The observed regional clustering of genotypes among human STEC O157:H7 isolates leads to another hypothesis: other, yet unidentified, hosts could be reservoir/maintenance hosts in the epidemiology of STEC, and cattle are possibly only serving as “bridging hosts” at the human–animal interface (32), transmitting STEC to humans. For example, starlings have been implicated as biologic vectors in the dissemination of STEC among dairy farms in Ohio, United States (33,34), indicating that wildlife might play a key role in the epidemiology and ecology of STEC.
A relatively high prevalence of SBI types AY2a and ASY2c was observed in human and bovine fecal isolates from New Zealand. These findings are in contrast to those from the Australian study by Mellor et al. (17), in which SBI type AY2a was not identified (0/284 isolates; p<0.001) and accounted for only 8.1% (26/322) of the isolates from the United States (human and cattle combined); SBI type ASY2c was prevalent in <1.0% of combined isolates in both countries. These differences in frequency distributions of SBI types indicate marked differences in the population structure of SBI types between countries. Australia and New Zealand are neighboring countries but separated by the Tasman Sea, a distance of ≈1,250 km. On the basis of historic data, Australia has been the predominant source of imported New Zealand cattle, mainly in the 19th century (5). Hence, the distinct geographic divergence of STEC O157:H7 genotypes between the 2 countries is somewhat puzzling and would suggest a limited historic introduction of STEC O157:H7 from Australia or elsewhere into New Zealand and a subsequent evolution in the New Zealand host population. Alternatively, the observed divergence of genotypes between Australia and New Zealand could be the result of genetic drift and/or selection driven by different environmental factors, such as climate, types of feed, husbandry systems, or animal genetics.
In this study, the highest PSI was observed between cattle and human isolates from New Zealand, followed by that between isolates from Australia and the United States. These findings provide evidence for a close association between populations of isolates from cattle and humans, which is consistent with the transmission of STEC from cattle to humans. This finding is in agreement with the national case–control study on clinical STEC cases in New Zealand, which identified variables related to beef and dairy cattle as major risk factors (20).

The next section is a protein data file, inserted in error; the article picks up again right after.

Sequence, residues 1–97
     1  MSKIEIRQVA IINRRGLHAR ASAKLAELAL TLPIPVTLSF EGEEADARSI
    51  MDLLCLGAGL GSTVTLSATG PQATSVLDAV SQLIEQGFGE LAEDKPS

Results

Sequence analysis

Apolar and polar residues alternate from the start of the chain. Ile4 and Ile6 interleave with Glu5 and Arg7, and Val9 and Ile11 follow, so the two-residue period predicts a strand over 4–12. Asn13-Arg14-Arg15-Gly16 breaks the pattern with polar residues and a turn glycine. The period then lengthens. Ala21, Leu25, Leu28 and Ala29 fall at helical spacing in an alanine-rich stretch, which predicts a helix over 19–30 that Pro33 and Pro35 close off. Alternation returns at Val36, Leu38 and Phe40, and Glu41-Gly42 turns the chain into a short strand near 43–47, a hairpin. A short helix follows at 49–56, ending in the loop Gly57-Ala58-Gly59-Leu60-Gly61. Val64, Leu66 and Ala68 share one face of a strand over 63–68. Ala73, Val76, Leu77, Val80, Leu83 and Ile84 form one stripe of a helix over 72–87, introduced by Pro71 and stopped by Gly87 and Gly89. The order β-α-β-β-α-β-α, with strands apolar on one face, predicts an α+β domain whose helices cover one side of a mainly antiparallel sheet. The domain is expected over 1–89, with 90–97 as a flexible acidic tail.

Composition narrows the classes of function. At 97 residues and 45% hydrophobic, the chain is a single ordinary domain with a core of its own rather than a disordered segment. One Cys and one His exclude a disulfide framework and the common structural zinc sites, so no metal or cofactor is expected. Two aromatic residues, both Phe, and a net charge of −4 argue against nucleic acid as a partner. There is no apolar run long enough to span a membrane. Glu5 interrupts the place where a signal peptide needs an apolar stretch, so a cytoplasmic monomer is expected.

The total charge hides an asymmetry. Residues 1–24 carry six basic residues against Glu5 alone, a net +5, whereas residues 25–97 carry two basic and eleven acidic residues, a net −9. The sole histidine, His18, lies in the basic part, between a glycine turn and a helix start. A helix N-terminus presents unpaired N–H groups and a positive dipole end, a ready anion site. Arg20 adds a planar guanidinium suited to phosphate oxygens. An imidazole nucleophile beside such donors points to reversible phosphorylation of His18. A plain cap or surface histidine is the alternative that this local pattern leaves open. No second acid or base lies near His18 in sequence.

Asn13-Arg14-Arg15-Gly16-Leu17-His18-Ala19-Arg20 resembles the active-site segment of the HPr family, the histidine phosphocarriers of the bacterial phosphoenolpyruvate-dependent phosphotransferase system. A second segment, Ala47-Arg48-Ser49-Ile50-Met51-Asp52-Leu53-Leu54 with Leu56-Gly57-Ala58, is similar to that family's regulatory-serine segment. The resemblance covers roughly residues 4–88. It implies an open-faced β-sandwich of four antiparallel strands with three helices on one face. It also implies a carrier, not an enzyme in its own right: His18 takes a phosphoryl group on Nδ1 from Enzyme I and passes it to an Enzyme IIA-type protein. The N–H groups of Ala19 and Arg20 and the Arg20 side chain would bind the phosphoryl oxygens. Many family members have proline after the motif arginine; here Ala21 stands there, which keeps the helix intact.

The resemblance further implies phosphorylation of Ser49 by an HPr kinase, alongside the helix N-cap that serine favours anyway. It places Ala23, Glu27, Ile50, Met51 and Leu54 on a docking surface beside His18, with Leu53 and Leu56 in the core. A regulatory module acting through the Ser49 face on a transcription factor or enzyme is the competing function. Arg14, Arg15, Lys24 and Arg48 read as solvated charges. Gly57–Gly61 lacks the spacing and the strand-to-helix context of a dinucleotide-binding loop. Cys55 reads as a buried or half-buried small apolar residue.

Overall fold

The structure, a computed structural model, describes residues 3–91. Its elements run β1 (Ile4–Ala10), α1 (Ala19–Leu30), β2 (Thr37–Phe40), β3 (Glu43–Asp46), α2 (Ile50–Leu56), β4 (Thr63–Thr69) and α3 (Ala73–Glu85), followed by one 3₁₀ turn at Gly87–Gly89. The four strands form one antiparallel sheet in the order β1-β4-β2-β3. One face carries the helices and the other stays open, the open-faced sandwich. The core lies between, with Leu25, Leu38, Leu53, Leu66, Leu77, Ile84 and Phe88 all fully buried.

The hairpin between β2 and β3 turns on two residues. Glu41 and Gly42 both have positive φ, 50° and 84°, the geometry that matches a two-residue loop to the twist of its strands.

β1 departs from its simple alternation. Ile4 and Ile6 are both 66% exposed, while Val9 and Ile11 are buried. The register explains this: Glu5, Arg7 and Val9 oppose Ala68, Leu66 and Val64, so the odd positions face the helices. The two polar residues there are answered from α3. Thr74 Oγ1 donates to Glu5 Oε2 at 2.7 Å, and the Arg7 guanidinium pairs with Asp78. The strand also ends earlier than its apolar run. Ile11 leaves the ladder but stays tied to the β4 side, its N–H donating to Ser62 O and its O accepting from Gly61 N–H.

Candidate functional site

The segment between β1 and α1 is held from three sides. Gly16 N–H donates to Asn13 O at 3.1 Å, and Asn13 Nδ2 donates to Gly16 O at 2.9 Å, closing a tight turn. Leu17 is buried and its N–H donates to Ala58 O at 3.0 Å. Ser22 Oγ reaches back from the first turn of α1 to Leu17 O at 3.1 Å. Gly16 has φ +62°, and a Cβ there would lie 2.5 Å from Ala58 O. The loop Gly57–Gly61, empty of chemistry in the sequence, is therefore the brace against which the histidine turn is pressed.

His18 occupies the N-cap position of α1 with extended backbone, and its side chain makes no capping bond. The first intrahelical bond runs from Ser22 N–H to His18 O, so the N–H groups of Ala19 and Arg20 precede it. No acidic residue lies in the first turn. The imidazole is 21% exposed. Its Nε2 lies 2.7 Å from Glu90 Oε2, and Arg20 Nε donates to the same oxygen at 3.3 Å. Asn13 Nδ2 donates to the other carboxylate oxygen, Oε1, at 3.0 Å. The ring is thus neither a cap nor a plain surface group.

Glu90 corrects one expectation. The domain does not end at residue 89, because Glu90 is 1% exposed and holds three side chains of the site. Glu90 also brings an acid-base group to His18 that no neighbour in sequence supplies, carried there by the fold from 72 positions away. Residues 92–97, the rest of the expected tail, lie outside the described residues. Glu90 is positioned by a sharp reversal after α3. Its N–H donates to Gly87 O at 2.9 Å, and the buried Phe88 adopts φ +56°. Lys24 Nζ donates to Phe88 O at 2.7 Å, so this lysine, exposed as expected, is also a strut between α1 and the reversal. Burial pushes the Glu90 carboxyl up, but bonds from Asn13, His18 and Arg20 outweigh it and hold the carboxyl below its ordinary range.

The molecular analysis of STEC O157:H7 isolates from cattle and persons with STEC infection revealed that prevalences of bovine and human isolates in the North Island were distinctly different from those of the South Island, suggesting localized transmission of STEC between cattle and humans. Furthermore, a distribution of STEC O157:H7 genotypes different from that observed overseas suggests a historic introduction of a subset of the globally circulating STEC O157:H7 strains into New Zealand.
Dr Jaros is a postdoctoral research fellow at the Molecular Epidemiology and Public Health Laboratory, Hopkirk Research Institute at Massey University. Her research interests include the molecular epidemiology of infectious diseases.
We thank Muriel Dufour, Brent Gilpin, Kari Gobius, and Glen Mellor for their contributions and Charlotte Bolwell for very helpful comments on this manuscript.
This work was supported by the Meat Industry Association of New Zealand and the Ministry for Primary Industries.
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TablesCite This Article
1Preliminary results from this study were presented at the New Zealand Veterinary Association Conference; June 16–20, 2014, Hamilton, New Zealand.
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- Centers for Disease Control and Prevention,
National Center for Emerging and Zoonotic Infectious Diseases (NCEZID)
Office of the Director (OD)